Season Series: Thunder 2-1
November 29: Rockets 98-120 @Thunder
December 30: Thunder 124-94 @Rockets
February 21: Thunder 119-122 @Rockets
The storylines could not be laid out more neatly. It took the final game of the regular season for the plot to thicken, and here it is. From the return of the $80 million beard to a tussle of the second and third-best offenses in the league, the Oklahoma City Thunder and Houston Rockets are expected to light up the playoff skies with fireworks in store.
Racking off at least 119 points in each of their three regular season meetings, the Thunder can expect such production to continue in the playoffs. Kevin Durant, Russell Westbrook, and Serge Ibaka are not the type of players who slow down their pace and drop off during the playoffs. If I am Coach Scott Brooks, I will immediately recognize that Omer Asik is Houston’s solitary post presence. Armed with this knowledge, Brooks must instruct Durant and Westbrook to penetrate on every possible possession, get Asik in foul trouble, and force Coach Kevin McHale’s hand at the vastly inexperienced trio of Greg Smith, Donatas Motiejunas, and Thomas Robinson.
The Thunder are also expected to thrive on numerous corner threes coming from Ibaka, whose range has stretched out that far back (35.1% from downtown this season) and Kevin Martin, who would like nothing more than to stick it to his former team. The Thunder can do no wrong in terms of matchups. Insert Kendrick Perkins, the bruiser who will make James Harden work for his shots. Throw in Nick Collison for an added shot of offensive post moves. Unleash Hasheem Thabeet sparingly for the extra length to frustrate Jeremy Lin and Chandler Parsons.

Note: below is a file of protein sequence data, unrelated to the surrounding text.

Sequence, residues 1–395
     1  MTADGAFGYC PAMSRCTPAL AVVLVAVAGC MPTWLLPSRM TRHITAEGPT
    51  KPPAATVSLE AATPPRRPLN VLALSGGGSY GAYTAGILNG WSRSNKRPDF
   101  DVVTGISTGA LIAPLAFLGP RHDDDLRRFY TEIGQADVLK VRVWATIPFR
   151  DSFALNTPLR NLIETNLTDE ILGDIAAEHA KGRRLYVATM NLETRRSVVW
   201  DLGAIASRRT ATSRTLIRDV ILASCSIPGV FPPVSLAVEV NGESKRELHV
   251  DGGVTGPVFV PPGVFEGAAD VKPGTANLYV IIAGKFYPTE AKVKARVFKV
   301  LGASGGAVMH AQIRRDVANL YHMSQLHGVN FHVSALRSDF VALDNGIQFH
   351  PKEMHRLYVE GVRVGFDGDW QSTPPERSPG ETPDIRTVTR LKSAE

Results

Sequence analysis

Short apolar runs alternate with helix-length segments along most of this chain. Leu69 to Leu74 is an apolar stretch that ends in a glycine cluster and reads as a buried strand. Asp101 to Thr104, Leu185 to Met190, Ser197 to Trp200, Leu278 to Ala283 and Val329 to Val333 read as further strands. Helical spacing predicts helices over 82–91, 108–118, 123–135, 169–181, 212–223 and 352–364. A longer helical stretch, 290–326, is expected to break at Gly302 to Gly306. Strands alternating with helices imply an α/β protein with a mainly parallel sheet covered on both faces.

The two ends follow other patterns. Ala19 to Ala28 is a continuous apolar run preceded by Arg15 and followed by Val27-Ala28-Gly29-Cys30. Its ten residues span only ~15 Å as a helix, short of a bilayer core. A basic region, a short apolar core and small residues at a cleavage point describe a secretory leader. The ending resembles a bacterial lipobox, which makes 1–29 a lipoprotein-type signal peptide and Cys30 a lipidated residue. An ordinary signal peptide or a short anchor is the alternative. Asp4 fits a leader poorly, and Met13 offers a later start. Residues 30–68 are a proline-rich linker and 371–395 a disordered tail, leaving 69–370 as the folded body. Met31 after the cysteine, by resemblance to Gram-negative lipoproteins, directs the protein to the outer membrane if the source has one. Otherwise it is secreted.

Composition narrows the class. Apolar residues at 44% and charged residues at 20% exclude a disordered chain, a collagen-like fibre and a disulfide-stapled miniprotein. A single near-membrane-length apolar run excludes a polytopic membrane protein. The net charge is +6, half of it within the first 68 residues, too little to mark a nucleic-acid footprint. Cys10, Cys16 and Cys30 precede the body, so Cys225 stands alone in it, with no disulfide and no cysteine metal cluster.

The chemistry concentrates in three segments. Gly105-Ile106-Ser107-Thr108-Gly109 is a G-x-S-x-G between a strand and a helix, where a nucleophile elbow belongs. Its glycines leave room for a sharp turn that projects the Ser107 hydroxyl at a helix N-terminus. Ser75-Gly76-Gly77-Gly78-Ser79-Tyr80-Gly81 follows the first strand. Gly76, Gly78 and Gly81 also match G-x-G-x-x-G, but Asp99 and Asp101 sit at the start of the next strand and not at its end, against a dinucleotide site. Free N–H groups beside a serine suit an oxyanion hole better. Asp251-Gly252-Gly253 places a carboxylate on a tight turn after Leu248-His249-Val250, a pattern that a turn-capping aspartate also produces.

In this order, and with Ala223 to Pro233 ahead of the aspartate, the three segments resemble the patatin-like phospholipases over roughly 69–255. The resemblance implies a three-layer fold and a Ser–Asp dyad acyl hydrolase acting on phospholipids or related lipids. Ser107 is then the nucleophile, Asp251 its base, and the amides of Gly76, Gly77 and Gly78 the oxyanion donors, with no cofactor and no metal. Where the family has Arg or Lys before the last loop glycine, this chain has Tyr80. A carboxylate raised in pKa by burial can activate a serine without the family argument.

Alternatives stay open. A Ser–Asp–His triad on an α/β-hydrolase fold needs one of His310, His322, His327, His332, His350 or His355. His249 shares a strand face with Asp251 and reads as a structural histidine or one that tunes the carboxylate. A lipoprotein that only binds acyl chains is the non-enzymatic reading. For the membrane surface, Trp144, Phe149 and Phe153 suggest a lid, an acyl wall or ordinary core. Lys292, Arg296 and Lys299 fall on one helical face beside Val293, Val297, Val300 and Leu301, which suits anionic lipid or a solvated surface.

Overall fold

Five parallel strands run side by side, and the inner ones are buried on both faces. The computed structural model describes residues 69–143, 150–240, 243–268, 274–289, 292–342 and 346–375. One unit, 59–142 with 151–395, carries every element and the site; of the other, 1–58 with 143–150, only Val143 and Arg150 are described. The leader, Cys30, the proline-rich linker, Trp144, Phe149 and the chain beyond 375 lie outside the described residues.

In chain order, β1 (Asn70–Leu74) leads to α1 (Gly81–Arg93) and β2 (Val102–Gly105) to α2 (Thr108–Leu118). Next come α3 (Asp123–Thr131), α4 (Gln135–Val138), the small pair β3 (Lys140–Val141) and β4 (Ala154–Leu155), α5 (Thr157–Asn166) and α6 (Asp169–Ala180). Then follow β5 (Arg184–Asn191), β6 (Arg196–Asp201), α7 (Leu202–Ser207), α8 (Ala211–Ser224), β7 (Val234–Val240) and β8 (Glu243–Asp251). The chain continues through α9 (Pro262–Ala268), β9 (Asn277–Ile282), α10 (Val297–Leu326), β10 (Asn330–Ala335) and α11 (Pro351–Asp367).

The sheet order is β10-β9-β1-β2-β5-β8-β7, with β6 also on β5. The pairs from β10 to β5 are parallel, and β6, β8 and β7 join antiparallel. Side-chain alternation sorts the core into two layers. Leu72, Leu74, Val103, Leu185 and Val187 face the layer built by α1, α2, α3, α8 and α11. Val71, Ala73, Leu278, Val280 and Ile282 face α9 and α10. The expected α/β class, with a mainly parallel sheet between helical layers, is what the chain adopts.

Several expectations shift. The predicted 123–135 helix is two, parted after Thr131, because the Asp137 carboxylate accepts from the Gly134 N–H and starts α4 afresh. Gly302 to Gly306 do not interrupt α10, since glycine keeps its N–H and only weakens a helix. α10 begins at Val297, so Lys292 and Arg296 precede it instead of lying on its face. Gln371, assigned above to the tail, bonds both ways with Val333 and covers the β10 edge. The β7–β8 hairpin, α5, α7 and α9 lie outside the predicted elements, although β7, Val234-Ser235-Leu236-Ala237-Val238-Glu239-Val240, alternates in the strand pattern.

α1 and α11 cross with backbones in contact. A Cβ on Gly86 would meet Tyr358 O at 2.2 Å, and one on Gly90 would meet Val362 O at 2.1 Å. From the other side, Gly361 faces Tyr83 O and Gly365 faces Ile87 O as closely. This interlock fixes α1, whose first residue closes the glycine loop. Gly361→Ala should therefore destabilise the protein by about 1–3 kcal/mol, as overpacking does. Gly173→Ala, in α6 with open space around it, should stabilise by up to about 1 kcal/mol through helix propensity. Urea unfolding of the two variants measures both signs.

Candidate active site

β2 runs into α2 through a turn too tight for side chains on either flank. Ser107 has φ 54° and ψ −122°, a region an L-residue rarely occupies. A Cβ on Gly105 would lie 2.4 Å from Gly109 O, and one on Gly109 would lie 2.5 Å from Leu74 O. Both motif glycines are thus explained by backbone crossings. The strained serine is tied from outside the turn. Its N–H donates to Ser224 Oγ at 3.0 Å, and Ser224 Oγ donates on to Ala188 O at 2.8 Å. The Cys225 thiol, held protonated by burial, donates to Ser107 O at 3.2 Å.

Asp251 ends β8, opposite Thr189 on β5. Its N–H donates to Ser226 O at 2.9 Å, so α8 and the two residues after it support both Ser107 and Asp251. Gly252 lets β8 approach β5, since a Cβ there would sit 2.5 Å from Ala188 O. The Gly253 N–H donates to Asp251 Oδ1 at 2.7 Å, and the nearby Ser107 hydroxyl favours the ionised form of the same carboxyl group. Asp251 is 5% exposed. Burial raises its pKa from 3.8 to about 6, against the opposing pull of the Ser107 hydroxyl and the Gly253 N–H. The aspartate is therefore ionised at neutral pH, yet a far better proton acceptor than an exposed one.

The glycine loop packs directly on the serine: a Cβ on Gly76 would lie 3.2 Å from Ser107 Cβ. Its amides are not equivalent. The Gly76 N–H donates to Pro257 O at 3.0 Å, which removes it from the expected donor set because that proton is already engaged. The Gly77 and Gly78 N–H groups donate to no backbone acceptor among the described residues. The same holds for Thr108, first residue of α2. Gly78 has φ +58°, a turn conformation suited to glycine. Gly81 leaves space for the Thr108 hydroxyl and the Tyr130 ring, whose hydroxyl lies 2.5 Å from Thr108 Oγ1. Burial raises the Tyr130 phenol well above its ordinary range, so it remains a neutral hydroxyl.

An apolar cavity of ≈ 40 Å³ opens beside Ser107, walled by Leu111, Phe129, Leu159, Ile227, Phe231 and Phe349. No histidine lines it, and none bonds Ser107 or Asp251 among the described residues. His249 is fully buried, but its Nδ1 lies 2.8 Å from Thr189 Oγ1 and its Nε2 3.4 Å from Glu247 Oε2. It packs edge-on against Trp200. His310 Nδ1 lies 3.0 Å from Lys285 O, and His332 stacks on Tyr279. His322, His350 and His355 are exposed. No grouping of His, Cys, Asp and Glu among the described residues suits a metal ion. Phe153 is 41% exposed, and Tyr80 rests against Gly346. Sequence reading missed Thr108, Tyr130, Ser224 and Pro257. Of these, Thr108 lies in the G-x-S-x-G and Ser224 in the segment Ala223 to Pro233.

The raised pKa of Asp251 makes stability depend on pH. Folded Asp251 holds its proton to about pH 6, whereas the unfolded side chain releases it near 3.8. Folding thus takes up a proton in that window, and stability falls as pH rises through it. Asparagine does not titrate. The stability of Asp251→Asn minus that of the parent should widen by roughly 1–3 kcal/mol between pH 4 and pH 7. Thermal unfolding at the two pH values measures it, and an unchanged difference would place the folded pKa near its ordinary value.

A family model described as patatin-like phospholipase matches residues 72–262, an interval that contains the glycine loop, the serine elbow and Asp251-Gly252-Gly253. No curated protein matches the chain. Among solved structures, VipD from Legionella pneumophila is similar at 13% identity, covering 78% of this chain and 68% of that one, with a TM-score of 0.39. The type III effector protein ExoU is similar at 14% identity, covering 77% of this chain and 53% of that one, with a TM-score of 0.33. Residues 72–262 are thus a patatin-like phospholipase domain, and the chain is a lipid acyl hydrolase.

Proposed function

Thabo Sefolosha will have his hands full containing Harden, which is news for the Thunder, because on the other end, Harden will be spending a lot of time fronting Durant, a mismatch in every sense of the word. The Thunder’s scouting report is clear as day: Houston only takes three-pointers and layups. Prevent those two from happening and the Rockets will be left with perimeter jumpers, the equivalent of basketball purgatory for Daryl Morey.
Harden will be the sole indicator of Houston’s feast-or-famine evenings. His game is as bipolar as it gets. He can have 37 points on 16 shots in one game, followed by 17 points on 19 shots in the next. Harden is sure to continue his foul-baiting exploits, but in a physical series, the Thunder can get away with a couple of bumps without any whistles being blown. The job falls on Jeremy Lin, Carlos Delfino, and Patrick Beverley to free themselves up for looks at the top of the key or along the elbow.
The Rockets are virtually playing four-on-five offensively with Asik as a massive offensive liability. Moreover, Houston needs to maximize their possessions and cannot fumble the ball away the way they had during the regular season, having led the league in turnovers with 15.8 a game. In the same light, Houston must force Oklahoma City into errors (5th, 14.6 per) on the other side of the floor to initiate transition attacks where the former is most efficient.
The Thunder must forcefully impose their “big brother” stance on the Rockets if they want to make quick work of them. None of the Rockets are defensively capable of staying in front of Durant and Westbrook for four quarters. Only a 40-point aberration from The Beard could swing a game in Houston’s favor, nothing more.
Prediction: Thunder in 5